The Way You Make Me Feel
I’d be surprised to learn that there was someone out there who has never thought “I wonder if other people see/feel things the way I do?” Some things are easier than others to come to a conclusion on. I mean, we can all look at a chicken and agree on its inherent chickenness (chickenity?): the beak, the beady eyes, the feathers, the sharp talons – yep, it’s a chicken! We can even take into account the different varieties of chickens and know that a Rhode Island Red is just as much a chicken as an Appenzell Pointed Hood Hen (which also doubles as a member of an 80s glam rock group).
But what about colors? Sure, there’s a hexadecimal notation for every color – #6e7b67 is one of the greens that makes up the background to this site, for instance – but there’s no guarantee that the way I see #6e7b67 is the same way you see #6e7b67.
And then there’s taste. Some people profess to like broccoli. I do not. I like black licorice, while Connor does not. Are we tasting the same thing? Chemical breakdown would tell us that, yes, it’s producing the same tastes for different people, so the difference is elsewhere. Broccoli’s taste mixture of grass and nastiness to me is to other people a … well, I don’t know exactly what. No one’s ever really explained to me why they like broccoli. “Because it’s good for you” is not a description of taste.
So our brains are wired differently. Is it any wonder, then, that we might think that we don’t feel things the same way as others? I get struck with this one the most when someone relates an experience they had and another listener tears up while I’m thinking, “What’s the big deal?” I realize that life experiences up to that point may cause one person to react differently than another person to a particular instance, but aren’t there universal situations that we can all agree on, an emotional chicken, as it were?
From there it’s a pretty short jump to “Do I feel everything differently from other people? Am I a psychopath, able to function in society but not really responding to it, or responding correctly?” I’ve expressed this “I don’t think I feel things like other people” to a couple of different friends and got this surprising answer from them both: “I’ve wondered the same thing about myself.” Strangely enough, that’s both an answer and a non-answer at the same time. They haven’t really addressed my fear, but in saying that they’ve had the same thoughts, it tells me that I do have the same thoughts as others.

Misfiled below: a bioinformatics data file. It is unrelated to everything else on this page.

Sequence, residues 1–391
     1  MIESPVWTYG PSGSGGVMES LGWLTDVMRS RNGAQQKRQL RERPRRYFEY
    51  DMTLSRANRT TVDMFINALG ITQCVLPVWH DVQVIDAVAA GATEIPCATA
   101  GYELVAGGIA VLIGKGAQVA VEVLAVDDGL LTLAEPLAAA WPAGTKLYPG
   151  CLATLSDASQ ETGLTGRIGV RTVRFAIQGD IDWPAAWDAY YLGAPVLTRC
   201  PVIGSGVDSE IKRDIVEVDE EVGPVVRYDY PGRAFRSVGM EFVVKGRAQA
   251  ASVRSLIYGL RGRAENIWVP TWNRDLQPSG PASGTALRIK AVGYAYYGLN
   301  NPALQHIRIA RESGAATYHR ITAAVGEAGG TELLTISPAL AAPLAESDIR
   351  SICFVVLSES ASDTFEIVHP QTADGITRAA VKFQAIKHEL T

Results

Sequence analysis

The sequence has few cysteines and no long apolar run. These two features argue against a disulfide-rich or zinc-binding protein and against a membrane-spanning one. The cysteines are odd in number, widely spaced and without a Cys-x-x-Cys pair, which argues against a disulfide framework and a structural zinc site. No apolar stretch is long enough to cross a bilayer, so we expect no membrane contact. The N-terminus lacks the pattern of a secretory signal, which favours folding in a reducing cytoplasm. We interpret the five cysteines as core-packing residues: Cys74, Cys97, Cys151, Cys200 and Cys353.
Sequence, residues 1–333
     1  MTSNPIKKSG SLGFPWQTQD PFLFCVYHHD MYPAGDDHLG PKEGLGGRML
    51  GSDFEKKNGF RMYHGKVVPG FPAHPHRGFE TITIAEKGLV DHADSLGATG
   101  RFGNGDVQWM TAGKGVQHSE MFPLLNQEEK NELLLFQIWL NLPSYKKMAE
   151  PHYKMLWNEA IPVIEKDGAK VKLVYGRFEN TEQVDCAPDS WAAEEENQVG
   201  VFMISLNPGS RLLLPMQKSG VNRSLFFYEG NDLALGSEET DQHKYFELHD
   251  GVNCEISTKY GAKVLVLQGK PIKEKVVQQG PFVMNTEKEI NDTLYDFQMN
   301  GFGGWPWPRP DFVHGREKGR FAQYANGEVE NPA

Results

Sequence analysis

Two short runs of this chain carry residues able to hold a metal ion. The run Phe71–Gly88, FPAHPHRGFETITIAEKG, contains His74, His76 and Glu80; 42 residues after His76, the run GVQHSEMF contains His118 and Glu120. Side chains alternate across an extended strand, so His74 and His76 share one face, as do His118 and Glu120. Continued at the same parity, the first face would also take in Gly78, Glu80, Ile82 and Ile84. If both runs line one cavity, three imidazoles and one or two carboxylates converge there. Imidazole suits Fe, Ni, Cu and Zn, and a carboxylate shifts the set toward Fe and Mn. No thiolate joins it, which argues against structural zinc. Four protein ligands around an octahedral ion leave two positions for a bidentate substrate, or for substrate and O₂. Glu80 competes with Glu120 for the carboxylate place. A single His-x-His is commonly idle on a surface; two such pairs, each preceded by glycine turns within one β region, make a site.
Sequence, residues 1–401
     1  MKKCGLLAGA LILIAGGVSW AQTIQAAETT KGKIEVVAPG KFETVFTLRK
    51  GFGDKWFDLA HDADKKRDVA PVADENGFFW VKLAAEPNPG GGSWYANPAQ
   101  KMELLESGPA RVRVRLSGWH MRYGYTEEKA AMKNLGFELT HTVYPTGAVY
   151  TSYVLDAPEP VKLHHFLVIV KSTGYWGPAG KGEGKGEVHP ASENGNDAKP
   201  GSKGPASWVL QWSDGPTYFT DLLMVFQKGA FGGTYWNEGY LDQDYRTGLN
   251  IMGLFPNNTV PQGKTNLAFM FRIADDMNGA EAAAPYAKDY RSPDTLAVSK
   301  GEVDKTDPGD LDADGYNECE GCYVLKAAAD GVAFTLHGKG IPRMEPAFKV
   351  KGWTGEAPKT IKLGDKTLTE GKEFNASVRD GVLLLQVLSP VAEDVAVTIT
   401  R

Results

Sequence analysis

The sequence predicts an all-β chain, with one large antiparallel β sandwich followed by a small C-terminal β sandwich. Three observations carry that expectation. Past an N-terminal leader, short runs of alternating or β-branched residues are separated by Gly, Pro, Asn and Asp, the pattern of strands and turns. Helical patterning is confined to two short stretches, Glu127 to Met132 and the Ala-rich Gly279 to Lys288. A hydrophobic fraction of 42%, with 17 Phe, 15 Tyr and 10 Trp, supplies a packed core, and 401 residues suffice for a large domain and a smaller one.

We’re not Borg, nor are we telepathic. There is no way for us to know what another person is thinking or feeling unless they tell us. Even trying to read another person through body language or actions gets filtered by what’s going on in our own heads and is therefore also unreliable. Muddying the waters further is the fact that what we learn about one person’s emotions and feelings doesn’t apply to another person. There’s no emotional template and people can’t be described by neat little checklists, no matter how much we wish they could be.
I firmly believe that I am in charge of how I feel. My thoughts, whether out of habit or out of instinct or whatever else, make me feel certain ways about certain events. Why am I stressed? Because of a belief system in my head that tells me I’ll be in trouble if I don’t get everything done or someone will be unhappy with me or that I just won’t be able to do things I want to do until the list of things I have to do gets done. But just because I’m in charge of how I feel doesn’t mean I understand it. Why do I tear up at seeing a Ninja Turtle awaken from a semi-coma but my main thought when faced with real-life tragedies in the lives of others is “I’m not sure what to do here”?
There’s an application on Facebook called “My Personality” that lets you rate yourself by answering questions and then lets you ask your friends to rate you anonymously. It’s an interesting look at the discrepancy between how I see me and how others see me. Currently it has this to say:
You think you have antisocial personality disorder
Everyone else is a tool for your pleasure. They have no rights, and you disregard their laws. You are aggressive when it suits you, you lie when it suits you, and your promises mean nothing. You have no remorse.
Your friends think you have avoidant personality disorder
You have an extreme fear of the potential negative opinions of other people and that leads you to avoid social situations altogether. You feel inferior to other people and expect them to reject you. The worst thing that could possibly happen is being embarrassed in front of all of your friends.
The disclaimer, of course, says “Please note: It is extremely unlikely that a personality disorder is actually present, this is just for fun!” Some fun, eh? I sound like the worst sort of person! And the fact that my friends don’t see me as quite as bad just tells me that I’ve somehow fooled them all.
Yes, I know enough to not put a whole lot of faith into a Facebook app. My point is that difference between self-perception and public perception. If we’re not even displaying to others what we feel we are, how can we know that others are? In fact, shouldn’t that pretty much guarantee that they aren’t?
Humanity is some kind of deal, isn’t it? Infinitely interesting and scary and boggling. It’s a good thing we’ve got some things we know we can agree on, and maybe that’s why chickens were created alongside us.